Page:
His artistic transcendence kickstarted a new generation of taste

I remember reading headlines regarding Virgil Abloh’s “The Ten” collaboration with Nike. The deconstructed DIY aesthetic designs of the iconic Nike silhouettes made everyone want to “cop” a pair. I didn’t think much of Virgil at that time because I thought that the hype was just a fad, yet that collaboration marked the dawning of the new era of luxury streetwear fashion.

Virgil Abloh was the artistic director of Louis Vuitton’s menswear, founder of Off-White, plus a DJ. He was one of the most celebrated designers in the industry as he reimagined the barriers of art, music, design, and fashion. He created subcultures for art by endorsing collectivity in creative freedom.

All the while, Virgil did not just scribble quotes on Nikes, he also did countless and diverse collaborations that made him navigate and conquer different domains of artistry. He was an unwavering figure, not only in fashion but also in the creative industry as a whole. He made music, books, art installations, and other secret projects that added up to his creative DNA. He understood how this generation consumes so he didn’t stay as a consumer, he became a designer to elevate the existing trends of this generation.

He loved rap and hip-hop. He never failed to mention an analogy between music and fashion. He believed that both were about overcoming limits or beliefs. Both have the ability to go beyond one genre or aesthetic, the different genres are made to be jumped over. Art has no boundaries. Both have the same purpose to reach a collective audience. He taught people that their ideas are analogies. Taught them that their thought process can apply to something else, they can explore ideas in different spaces. In his words “anything is achievable.” Who knew printed shirts could be called streetwear? He did. Who would ever think that Louis Vuitton, an established luxury company known for its monogrammed bags, would make airplanes or carrot handbags? He did.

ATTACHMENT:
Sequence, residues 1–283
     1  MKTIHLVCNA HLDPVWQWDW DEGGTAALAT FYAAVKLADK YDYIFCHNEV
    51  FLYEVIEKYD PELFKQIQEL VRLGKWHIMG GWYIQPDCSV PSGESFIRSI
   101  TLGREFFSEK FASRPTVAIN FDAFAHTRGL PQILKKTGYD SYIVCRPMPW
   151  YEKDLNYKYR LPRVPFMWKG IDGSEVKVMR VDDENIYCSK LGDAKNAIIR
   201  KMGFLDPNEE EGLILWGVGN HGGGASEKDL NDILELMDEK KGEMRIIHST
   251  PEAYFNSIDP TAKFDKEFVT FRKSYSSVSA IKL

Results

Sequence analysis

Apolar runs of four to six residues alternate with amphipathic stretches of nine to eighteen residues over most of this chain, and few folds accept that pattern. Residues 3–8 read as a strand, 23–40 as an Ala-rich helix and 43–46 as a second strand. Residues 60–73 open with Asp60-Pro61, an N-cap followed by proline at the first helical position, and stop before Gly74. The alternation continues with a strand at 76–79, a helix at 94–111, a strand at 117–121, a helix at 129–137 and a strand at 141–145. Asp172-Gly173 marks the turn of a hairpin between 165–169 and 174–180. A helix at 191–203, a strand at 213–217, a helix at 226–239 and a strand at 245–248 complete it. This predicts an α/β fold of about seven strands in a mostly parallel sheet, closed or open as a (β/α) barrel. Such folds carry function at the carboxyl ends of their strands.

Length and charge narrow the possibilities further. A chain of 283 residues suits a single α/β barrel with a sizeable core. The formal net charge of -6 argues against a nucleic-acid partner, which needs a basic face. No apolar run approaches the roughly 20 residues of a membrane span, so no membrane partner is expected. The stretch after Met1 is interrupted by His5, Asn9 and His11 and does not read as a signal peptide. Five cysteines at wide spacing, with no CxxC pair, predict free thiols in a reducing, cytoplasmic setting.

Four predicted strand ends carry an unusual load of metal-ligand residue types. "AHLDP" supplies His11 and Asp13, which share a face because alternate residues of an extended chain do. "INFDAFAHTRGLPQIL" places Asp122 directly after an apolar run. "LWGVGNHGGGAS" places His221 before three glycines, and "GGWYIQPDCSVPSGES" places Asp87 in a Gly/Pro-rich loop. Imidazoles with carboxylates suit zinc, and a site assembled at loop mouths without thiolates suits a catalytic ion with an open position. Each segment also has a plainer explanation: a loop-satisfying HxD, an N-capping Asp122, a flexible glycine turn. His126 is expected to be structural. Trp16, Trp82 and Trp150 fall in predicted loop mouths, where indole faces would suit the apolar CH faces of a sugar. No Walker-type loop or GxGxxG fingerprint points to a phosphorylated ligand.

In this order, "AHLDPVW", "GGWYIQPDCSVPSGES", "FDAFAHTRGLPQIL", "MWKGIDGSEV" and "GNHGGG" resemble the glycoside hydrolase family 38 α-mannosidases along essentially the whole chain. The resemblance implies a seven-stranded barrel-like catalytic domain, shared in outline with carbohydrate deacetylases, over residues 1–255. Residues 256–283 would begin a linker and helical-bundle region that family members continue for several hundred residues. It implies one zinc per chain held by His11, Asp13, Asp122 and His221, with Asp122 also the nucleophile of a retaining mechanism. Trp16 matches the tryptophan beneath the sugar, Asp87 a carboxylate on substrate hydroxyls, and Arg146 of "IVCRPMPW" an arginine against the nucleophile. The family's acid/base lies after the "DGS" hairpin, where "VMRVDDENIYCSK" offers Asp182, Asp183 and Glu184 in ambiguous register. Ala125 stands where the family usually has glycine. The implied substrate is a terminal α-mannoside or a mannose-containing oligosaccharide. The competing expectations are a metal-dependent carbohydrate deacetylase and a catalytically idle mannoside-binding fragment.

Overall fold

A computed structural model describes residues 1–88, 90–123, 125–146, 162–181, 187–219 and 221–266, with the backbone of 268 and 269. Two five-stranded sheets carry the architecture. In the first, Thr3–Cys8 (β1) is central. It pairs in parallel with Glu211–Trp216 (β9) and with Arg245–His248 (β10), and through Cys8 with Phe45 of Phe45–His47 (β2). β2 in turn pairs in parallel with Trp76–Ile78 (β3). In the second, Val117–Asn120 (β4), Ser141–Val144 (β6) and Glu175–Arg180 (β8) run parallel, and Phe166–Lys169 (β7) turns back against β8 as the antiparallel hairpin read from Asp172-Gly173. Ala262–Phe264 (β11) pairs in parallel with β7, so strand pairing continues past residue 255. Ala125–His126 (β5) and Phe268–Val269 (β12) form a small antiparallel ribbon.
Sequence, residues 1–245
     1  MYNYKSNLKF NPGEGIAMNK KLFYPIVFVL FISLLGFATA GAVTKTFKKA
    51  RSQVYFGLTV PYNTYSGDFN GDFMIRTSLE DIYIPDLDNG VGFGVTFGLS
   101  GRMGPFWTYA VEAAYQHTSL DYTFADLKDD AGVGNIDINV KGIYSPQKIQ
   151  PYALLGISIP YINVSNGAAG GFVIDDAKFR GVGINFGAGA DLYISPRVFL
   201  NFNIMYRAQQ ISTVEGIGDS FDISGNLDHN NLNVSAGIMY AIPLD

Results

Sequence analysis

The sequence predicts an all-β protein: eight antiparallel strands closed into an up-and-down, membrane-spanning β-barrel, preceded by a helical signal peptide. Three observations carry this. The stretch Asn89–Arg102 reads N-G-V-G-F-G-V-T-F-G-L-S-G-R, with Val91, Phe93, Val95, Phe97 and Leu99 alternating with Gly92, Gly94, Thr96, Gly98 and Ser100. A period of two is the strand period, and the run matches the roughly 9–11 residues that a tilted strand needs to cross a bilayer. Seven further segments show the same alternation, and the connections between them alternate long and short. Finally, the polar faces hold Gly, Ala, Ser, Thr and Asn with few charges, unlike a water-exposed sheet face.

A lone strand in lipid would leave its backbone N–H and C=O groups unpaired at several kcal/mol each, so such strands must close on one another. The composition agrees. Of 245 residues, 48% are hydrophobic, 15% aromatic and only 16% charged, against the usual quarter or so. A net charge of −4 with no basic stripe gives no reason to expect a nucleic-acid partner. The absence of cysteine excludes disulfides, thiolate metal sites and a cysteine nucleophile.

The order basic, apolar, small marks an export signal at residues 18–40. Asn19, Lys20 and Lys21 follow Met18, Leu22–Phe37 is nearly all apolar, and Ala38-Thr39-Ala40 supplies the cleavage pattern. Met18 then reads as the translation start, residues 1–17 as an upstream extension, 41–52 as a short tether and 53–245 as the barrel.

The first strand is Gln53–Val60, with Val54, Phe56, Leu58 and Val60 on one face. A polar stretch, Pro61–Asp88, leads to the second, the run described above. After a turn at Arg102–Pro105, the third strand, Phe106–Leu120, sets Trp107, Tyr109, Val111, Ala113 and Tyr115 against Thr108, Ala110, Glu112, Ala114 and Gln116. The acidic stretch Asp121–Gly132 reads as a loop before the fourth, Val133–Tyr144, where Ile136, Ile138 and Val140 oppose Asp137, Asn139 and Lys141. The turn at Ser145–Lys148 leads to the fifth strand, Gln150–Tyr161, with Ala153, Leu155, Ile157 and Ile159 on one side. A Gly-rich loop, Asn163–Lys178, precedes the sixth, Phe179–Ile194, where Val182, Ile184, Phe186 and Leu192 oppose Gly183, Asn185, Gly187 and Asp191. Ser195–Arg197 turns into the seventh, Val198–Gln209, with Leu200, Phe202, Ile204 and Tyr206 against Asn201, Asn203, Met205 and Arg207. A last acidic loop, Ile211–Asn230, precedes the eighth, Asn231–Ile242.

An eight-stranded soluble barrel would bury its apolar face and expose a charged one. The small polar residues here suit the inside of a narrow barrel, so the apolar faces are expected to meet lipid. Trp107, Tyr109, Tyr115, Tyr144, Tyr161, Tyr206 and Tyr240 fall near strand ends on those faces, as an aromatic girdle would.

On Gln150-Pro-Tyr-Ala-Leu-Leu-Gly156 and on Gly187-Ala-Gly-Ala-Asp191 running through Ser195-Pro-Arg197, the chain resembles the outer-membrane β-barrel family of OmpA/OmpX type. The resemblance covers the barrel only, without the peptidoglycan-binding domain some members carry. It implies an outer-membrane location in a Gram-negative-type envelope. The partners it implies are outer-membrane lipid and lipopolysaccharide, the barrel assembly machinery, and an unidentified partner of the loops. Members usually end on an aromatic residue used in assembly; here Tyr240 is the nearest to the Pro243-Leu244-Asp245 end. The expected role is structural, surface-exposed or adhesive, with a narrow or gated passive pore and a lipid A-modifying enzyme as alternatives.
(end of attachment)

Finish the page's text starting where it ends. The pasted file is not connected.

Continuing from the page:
Virgil transcended his vision and artistry not only in his work but with people who got to converse with him. Like how he believed Michael Jordan was an icon who transcended the value of Jordans. Virgil’s artistic transcendence kickstarted a new generation of taste.

I was beginning to self-study fashion when he was appointed as the new designer of Louis Vuitton’s menswear. I remember the rainbow runway. The color-coded shirts the audience wore. It was like no other Louis Vuitton fashion show ever. It was Virgil Abloh. He injected himself into his work that it naturally exuded his color. I looked up to his artistry because he understood the extensiveness of a creative process. He inspired me to do random activities that were out of my specialization and saw things in a different light. To explore and get to another crescendo by continuously doing projects.

He identified himself as a perpetual kid at school and encouraged people to go back to their early purpose. To go back to the person you were before you began to know too much. His boyhood wonder evoked the notion that art is free. His vision of art is universal. Inclusive. The tourists and the purists should come together as a collective unit, coming together in understanding art.

A total of seven shows under Louis Vuitton and the house will never be the same. Virgil Abloh was a creative everyone looked up to and it’s more than the hype. He took a huge amount of passion for his craft. He doesn’t consider it as work, it was just living for him.

As his following expanded, he never failed to give credit to artists who inspired him. He gave well-thought answers to questions regarding his work. He collaborated with up-and-coming creatives hoping that it would lead them to new terrains. He sent them physical copies of his show notes with pieces from his collection, talked about his work in-depth, and supported them with genuineness.

Not only did he bring life to everything he produced, but he also brought light to young creatives like me to take risks. He taught us that it was not all huddles; there were shortcuts. You have to keep saying “yes.” Keep creating. Trust the process. Believe in your work. He was a fabric of culture. He changed how people saw streetwear fashion. He elevated the industry. He believed that communication as an art exercise. He valued the process as much as the end product.

Let’s continue to celebrate his life, work, and legacy by emulating his ethos. He kickstarted a subculture and we should not let his color fade out. He injected art movements into his collections to tell a wholly different narrative. He thought that this generation was a renaissance. He was more than what is. He is Virgil Abloh.

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